Don't think Jeremy Corbyn is a worthy leader? Maybe it's time to leave the Labour party

It's disgraceful that Blairites in the same party as Corbyn are determined to resist change at all costs - even when it means letting the Tories off the hook

Tess Finch Lees
Tuesday 15 December 2015 11:18
Members of the current Shadow Cabinet, which may well be dismantled  by Jeremy Corbyn in the coming days
Members of the current Shadow Cabinet, which may well be dismantled by Jeremy Corbyn in the coming days

It seems Jeremy Corbyn is competing with Islam for the media moniker of public enemy number one. Not since 7/7, when Islam was constantly conflated with terrorism (and still is), have I witnessed such naked hysteria and repugnance in the British media.

On Saturday, Caroline Lucas stepped in to kill a “manufactured media storm”, orchestrated to attack fellow progressive politician Corbyn. She lambasted the media for deflecting from “real news” stories, like climate change, the NHS and poverty.

The obvious way of describing the divisions in Labour is along ideological lines. Jeremy Corbyn represents the overwhelming majority of Labour supporters who gave him a landslide victory, and with it, a mandate to lead the party to the left, in line with its founding principles. There are those, more aligned to the Blair ideology on the right, who, despite being in the minority, are resisting change at all costs. Even if it means letting the Tories off the hook.

If the media was seeking to be impartial, it would refer to both factions in line with their ideological leanings - one being left-wing, the other right-wing.

But while the term “left winger”, “loony leftie”, “trots”, and “terrorist sympathisers” is regularly used to depict the Corbyn majority, the right-wingers (who support air strikes on Syria and austerity, which has spawned the rise of child poverty, food banks and poverty-related suicides) are described in the media as “moderates” and “modernisers”. Some media seem to think that, if they don’t refer to the right-wingers in the Labour party as being well, right-wing, then we might not notice the oxymoron.

The media would have us believe that Hilary Benn is a leader in waiting. I think not. If you find yourself unable to oppose your political opponent on the grounds that you have more in common with them than not, that’s a pretty good indicator that you’re in the wrong party. The government of the day needs to be held to account by a robust opposition (the clue is in the name). Without it, there is a democratic deficit.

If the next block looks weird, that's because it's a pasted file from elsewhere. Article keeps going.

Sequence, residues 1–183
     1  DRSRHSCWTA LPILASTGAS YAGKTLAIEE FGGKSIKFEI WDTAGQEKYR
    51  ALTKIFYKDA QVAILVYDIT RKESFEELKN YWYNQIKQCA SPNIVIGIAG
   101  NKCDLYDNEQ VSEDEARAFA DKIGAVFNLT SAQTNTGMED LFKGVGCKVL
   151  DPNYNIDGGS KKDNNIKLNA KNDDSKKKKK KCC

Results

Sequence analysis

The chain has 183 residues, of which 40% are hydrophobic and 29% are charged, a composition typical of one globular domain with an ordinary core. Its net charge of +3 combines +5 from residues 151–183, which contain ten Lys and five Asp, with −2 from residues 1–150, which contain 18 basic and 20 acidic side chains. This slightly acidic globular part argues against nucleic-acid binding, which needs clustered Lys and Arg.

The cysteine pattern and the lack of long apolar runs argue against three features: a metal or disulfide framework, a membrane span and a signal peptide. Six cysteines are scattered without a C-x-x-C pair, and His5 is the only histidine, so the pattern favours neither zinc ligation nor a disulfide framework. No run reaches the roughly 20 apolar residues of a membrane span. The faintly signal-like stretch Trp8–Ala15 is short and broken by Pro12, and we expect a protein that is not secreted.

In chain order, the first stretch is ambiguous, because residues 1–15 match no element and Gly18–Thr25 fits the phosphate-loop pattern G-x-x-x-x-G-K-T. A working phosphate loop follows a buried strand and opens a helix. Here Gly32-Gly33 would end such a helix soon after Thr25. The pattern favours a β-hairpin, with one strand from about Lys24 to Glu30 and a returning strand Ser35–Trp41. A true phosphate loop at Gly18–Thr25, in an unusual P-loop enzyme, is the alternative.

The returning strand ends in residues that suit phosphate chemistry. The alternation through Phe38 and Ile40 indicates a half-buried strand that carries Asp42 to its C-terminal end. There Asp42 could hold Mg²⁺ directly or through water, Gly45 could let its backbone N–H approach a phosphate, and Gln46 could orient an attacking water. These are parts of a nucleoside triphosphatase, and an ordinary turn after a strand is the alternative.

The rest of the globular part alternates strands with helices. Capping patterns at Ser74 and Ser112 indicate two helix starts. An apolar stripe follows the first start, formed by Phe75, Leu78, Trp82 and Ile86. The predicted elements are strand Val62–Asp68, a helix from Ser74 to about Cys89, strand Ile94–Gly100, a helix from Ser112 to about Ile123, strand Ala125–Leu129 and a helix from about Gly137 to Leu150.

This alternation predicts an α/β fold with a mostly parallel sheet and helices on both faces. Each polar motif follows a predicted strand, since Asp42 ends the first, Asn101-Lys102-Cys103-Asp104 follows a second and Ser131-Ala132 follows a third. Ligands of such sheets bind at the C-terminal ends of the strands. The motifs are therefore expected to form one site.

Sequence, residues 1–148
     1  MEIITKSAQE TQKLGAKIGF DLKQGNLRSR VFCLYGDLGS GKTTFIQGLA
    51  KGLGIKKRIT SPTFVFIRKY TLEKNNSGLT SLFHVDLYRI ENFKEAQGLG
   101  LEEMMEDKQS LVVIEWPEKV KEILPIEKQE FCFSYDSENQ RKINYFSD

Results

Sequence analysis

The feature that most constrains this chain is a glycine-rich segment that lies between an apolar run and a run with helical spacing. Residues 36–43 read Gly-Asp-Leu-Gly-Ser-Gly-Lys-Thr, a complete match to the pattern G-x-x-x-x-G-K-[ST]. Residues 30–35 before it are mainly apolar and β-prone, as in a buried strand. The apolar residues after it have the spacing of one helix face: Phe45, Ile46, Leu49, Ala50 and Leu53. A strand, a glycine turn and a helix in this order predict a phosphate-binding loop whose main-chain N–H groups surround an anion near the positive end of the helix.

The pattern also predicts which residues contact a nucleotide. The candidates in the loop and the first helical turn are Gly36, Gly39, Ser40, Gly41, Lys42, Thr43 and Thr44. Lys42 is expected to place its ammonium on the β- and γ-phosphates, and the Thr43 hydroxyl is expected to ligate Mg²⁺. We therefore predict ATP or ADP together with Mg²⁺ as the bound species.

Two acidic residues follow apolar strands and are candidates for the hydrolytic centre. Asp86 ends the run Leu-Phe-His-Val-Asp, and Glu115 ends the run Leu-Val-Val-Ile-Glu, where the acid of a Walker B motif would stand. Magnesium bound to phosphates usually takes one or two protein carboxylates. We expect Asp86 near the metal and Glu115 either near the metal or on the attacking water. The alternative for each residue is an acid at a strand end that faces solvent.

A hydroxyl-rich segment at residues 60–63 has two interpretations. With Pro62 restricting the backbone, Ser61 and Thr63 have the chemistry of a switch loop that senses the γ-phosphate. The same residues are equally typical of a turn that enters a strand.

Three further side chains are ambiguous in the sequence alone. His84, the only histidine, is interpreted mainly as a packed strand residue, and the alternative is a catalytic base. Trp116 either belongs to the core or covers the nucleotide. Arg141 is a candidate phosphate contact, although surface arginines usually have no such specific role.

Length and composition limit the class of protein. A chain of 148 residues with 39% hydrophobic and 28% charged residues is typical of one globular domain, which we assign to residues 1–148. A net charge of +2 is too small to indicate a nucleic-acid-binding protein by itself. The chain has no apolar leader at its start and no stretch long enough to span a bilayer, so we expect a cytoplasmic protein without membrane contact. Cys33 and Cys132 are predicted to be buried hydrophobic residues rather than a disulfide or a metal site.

Corbyn’s leadership style is inherently inclusive and is loathed by those who seek to maintain the fear and control of old school politics. Ironically, those Corbyn traits that are depicted in the media as “weakness” - listening to ordinary people, engaging with Labour’s grass roots, ignoring demands to ingratiate himself with the press - are the very traits that have inspired and engaged a hitherto disaffected public, young and old.

But the party faithful who gave Corbyn his mandate will not tolerate him floundering over his handling of the saboteurs in his midst. They had their chance and in return for being given a seat at the top table of the shadow cabinet, they plotted to derail the progressive direction of Labour. The dignified response would be for them to go of their own accord - but if they don’t, they should be shown the door.

A degree of dissent and disagreement is healthy within any organisation. The challenging and questioning leads to better decisions and combats group-think. If the level of dissent however, is to such an extent that it becomes catatonically dysfunctional, preventing the organisation from being effective, decisive action is called for.

Taking on the Tories and their toxic austerity agenda requires every shred of Labour’s focus. Either respect the democratically elected leader and his left, progressive mandate, or join one of the many other options out there. Tory, Lib Dem, Ukip - take your pick.

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